|canistel or eggfruit|
I bought mangoes, and an eggfruit, a.k.a. canistel. And while my husband sipped his coffee I snapped pictures of the garden and farm in back, and mentioned to the girl working there, “A friend told me before we came that Maui is a paradise — and he was right.”
“A lot of people say that,” she responded. “What do you mean by ‘paradise’?” We then had a philosophical and literary conversation about the books she has been reading, the Ringing Cedars series, in which the protagonist has ideas about creating paradise on earth, as I understood.
It was a rare sort of encounter for me, in which I find a stranger who wants to engage on topics of mutual interest, at a time when I also have the energy. I hated to leave her, and I took some more photos of the garden and farm behind the humble storefront.
This begonia resembled one I used to have in my house in California — but that one never bloomed….
Then we were on our way. The problems with the road are two: a stretch of several miles that is unpaved, and many miles of one-lane paved road. I was the driver for this trip, and I found the unpaved sections pretty easy. There were potholes, but the road was wide enough to maneuver around them.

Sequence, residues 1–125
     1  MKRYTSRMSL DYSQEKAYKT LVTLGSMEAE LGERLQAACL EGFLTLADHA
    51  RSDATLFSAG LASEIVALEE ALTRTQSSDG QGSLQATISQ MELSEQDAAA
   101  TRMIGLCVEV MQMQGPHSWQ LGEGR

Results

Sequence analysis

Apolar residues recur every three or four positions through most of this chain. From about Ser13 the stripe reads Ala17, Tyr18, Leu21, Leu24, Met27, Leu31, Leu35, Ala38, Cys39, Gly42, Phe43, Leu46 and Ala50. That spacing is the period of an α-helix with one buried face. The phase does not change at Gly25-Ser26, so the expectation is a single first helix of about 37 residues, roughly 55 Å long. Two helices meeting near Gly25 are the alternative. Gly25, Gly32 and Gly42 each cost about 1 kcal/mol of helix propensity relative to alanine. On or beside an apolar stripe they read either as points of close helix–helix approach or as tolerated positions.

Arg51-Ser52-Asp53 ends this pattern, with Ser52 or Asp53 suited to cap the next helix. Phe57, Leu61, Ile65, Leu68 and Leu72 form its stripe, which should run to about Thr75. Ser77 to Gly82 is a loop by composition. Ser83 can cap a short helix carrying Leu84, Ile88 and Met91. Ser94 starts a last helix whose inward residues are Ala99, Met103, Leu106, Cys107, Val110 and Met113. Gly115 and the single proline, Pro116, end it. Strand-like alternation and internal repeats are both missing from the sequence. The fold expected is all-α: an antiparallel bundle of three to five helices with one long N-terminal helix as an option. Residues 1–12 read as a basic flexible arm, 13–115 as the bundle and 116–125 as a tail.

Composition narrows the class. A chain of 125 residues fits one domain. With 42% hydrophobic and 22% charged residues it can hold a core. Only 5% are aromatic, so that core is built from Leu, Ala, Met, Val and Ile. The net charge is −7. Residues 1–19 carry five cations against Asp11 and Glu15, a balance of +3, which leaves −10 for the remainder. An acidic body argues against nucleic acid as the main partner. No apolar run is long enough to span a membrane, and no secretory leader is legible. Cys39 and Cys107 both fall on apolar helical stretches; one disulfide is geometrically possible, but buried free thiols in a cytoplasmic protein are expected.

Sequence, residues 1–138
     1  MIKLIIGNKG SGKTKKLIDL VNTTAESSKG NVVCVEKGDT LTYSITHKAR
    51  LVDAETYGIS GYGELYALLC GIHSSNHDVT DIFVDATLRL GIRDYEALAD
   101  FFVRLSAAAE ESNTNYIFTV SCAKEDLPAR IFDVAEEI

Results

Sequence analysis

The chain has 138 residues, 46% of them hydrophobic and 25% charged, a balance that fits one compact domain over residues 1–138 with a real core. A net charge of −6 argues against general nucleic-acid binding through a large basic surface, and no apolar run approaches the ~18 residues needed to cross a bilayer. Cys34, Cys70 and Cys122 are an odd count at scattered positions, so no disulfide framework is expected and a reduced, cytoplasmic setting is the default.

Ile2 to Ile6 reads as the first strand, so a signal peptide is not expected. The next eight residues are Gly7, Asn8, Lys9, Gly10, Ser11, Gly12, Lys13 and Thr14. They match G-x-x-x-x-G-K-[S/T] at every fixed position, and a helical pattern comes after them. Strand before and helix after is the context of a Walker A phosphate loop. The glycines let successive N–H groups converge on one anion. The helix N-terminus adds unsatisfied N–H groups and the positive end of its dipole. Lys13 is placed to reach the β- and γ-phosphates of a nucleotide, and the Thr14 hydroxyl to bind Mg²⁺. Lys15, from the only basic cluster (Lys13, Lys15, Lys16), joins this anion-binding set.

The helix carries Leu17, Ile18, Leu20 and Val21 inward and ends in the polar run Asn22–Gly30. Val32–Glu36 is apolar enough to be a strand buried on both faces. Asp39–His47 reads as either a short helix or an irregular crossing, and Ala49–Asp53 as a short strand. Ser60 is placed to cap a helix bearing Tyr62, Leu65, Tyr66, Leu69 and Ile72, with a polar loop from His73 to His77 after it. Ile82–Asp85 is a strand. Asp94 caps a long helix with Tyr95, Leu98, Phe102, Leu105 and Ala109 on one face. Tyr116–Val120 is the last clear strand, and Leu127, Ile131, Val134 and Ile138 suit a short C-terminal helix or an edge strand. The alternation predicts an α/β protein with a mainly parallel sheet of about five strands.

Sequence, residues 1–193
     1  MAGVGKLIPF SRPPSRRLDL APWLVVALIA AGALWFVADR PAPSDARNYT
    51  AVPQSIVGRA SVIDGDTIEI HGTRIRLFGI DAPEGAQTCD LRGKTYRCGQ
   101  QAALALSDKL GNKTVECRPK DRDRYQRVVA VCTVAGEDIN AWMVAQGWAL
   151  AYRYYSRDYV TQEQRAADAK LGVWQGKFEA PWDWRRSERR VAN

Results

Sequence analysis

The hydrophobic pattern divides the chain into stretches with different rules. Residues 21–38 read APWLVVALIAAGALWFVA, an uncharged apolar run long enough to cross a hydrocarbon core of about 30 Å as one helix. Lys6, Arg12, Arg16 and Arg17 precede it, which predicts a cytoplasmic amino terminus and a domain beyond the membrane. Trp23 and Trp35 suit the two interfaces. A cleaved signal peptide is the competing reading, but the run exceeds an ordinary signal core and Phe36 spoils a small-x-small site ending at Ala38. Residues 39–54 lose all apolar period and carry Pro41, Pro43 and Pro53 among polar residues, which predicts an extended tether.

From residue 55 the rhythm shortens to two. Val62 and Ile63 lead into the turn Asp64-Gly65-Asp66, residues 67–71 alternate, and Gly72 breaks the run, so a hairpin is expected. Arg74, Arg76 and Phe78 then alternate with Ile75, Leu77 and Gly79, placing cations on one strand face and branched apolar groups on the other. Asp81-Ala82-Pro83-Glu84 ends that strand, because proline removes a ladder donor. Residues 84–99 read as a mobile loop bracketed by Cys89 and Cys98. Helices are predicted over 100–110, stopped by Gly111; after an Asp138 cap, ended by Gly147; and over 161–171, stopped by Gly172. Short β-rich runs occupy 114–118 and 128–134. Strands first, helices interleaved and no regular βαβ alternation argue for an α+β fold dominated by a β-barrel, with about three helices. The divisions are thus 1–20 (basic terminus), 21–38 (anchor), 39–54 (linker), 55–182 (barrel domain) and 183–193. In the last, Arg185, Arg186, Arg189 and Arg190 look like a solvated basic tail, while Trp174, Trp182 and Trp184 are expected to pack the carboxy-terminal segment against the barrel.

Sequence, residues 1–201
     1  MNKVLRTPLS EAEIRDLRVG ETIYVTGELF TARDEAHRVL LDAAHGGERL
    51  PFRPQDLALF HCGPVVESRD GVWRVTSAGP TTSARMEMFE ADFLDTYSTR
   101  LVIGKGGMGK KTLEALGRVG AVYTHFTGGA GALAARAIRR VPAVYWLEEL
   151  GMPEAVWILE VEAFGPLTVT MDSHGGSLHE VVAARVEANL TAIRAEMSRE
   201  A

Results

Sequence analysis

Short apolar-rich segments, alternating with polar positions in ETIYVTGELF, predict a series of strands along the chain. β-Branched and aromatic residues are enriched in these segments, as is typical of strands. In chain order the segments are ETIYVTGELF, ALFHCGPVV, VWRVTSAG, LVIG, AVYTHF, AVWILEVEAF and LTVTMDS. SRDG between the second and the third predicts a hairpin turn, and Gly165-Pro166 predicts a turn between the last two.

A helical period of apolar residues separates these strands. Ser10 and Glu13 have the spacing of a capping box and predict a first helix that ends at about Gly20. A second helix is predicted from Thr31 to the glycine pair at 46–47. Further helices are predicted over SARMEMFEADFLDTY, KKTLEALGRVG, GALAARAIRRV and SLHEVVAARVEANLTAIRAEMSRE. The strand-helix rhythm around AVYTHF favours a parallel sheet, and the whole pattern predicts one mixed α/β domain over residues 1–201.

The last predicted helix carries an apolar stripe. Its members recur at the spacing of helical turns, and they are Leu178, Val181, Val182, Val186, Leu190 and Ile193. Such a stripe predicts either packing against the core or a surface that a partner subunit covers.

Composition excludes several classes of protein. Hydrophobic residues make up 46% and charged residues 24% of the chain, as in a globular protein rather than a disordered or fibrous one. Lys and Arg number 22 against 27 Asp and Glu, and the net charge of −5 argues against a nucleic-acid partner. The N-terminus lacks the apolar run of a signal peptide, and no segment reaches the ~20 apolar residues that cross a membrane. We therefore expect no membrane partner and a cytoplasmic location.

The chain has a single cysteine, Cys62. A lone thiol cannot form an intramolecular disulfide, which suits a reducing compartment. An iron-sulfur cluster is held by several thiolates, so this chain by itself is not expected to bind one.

For a while at the outset rain poured down and we kept the wipers going, but when it stopped we were quick to open the windows and let the ultra-fresh air blow through.
Even the eroded lowest slopes of Haleakala Volcano on our right seemed to me the most beautiful sight, while I was getting that kind of air in my lungs.
On the left side of the road, we looked down on the beach, empty of humanity.
Once I stopped to get a closer whiff of this plant — but on its own at least it didn’t smell much.
Mr. Glad discovered a rainbow behind us, and I let him do the honors of capturing that extra blessing of our adventure. Lacking a scratch-and-sniff feature on my computer, or any kind of words that can do justice to this stretch of coastline, I’ll let it be The End of this day’s diary of Maui.